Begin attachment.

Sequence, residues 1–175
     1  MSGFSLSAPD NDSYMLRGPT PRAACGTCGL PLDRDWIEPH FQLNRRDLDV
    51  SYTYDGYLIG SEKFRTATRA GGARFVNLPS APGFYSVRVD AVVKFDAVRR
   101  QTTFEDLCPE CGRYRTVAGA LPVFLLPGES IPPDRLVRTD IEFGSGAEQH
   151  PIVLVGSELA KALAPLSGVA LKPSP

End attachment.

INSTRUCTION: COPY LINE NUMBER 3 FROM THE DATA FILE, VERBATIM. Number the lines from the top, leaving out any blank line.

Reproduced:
    51  SYTYDGYLIG SEKFRTATRA GGARFVNLPS APGFYSVRVD AVVKFDAVRR